Responding to the talent shortage and increasing demand facing the cybersecurity industry, Udacity said that it is now developing a new nanodegree focused on security.
Launched at the security industry’s RSA Conference, details about the new program (including potential partners) are still sketchy (there’s little available on the information page on the Udacity’s website about the program).
The announcement at RSA actually included an active call for partners for the security program:
To the leaders in this field, we are extending the opportunity to join us. Your organization, together with Udacity, can help shape the future of Cybersecurity training, and nurture the world’s most advanced pipeline of highly-qualified Cybersecurity talent.
Through our partnership, your organization will have early access to this incredible talent pipeline, and the opportunity to hire those experts who have trained on the curriculum you helped to build.
As we consider the technological landscape of the future, we continually seek opportunities to apply the world’s most transformative technologies to the world’s most pressing challenges, and to educate, develop, and nurture the talent that will solve these challenges. We see this kind of opportunity in the field of Cybersecurity, and we look forward to building this program in partnership with the world’s leading Cybersecurity experts.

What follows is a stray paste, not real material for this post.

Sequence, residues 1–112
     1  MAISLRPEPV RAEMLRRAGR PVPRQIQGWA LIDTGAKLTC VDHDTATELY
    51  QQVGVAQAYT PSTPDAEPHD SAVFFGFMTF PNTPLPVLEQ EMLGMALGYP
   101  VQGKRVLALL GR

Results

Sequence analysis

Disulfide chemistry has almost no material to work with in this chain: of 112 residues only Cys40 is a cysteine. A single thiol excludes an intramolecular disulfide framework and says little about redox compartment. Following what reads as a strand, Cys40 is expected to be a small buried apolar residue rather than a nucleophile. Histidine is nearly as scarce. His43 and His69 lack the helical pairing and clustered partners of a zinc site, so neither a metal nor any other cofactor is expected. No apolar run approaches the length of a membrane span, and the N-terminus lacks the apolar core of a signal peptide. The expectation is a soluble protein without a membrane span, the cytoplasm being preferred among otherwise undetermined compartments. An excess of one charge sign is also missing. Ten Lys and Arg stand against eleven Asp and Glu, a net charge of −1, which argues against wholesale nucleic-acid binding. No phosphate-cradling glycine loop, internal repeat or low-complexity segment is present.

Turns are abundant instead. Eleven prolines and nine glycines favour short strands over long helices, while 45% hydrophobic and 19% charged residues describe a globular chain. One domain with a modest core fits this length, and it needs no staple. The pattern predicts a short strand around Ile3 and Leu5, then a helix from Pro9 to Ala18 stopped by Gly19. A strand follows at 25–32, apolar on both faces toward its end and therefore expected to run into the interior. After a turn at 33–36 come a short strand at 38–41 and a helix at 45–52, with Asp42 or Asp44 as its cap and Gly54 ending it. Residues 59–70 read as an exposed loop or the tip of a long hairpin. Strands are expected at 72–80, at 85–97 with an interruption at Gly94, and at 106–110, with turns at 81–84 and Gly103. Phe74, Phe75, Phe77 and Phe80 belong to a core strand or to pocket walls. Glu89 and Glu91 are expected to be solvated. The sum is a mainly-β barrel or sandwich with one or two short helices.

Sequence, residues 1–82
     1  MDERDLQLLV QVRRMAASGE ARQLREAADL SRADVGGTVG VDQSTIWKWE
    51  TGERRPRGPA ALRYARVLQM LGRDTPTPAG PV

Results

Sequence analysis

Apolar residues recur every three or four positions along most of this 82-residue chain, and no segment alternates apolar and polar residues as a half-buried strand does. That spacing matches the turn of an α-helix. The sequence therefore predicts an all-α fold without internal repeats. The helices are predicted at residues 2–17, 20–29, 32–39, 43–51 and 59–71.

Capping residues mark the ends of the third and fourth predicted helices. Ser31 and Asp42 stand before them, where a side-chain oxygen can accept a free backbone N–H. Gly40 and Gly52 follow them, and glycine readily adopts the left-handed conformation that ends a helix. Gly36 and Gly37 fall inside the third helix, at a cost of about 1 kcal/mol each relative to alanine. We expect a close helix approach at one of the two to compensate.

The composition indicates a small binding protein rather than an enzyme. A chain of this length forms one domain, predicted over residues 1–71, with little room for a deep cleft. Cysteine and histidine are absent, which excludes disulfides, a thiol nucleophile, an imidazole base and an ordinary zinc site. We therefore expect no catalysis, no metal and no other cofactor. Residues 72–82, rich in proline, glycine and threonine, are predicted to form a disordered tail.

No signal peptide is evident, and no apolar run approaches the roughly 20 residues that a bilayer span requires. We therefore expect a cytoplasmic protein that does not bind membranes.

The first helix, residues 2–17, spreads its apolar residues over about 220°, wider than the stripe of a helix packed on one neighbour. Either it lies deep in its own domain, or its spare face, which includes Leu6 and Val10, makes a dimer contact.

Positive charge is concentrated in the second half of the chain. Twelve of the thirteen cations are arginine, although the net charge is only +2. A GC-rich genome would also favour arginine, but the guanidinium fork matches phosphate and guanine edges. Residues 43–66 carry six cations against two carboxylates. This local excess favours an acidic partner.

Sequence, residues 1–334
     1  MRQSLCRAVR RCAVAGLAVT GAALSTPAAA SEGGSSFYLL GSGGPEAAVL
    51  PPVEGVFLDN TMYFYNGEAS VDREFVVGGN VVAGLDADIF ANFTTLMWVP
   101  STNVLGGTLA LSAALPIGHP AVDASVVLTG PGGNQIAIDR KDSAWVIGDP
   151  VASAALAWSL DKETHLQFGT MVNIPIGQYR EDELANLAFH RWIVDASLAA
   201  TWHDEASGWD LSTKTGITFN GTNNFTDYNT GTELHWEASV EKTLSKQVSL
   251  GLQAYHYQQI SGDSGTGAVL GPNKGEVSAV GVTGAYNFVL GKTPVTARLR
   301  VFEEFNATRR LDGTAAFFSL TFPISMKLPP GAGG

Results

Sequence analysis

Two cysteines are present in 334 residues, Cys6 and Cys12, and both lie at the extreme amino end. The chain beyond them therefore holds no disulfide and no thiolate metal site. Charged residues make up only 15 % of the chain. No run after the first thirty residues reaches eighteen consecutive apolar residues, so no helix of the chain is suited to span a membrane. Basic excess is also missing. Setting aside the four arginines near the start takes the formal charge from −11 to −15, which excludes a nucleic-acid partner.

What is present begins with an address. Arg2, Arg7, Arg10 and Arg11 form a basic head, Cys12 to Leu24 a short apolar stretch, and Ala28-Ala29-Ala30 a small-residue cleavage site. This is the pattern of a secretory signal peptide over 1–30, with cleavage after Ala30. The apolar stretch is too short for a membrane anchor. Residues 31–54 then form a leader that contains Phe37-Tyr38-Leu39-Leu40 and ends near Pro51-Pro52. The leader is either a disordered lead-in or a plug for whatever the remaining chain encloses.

Your expertise and experience will inform the development of our curriculum. Your subject matter experts will provide vital leadership and deliver valuable knowledge to our students. Through the establishment of scholarships, you will help ensure maximum opportunity for the most deserving and qualified students across the globe.
Udacity’s security sales pitch is that it has already trained 10,000 artificial intelligence engineers (no word on how many the company has successfully placed in companies), and has thousands of students actively enrolled in its artificial intelligence and data analysis classes.
Through its paid and free classes Udacity claims some 8 million students and 30,000 graduates of the company’s nanodegree programs.
Udacity has made its reputation by offering classes in some of technology’s most sought-after fields, including autonomous vehicle systems, artificial intelligence and big data.
Founded by Sebastian Thrun, the godfather of the autonomous vehicle industry and the current chief executive of the flying vehicle startup Kittyhawk Corp., Udacity initially launched into the world of massive open online courses. Now the company’s market is more focused on credentialed skill development in conjunction with industry partners like Google, Amazon, IBM, Nvidia, Mercedes-Benz and others.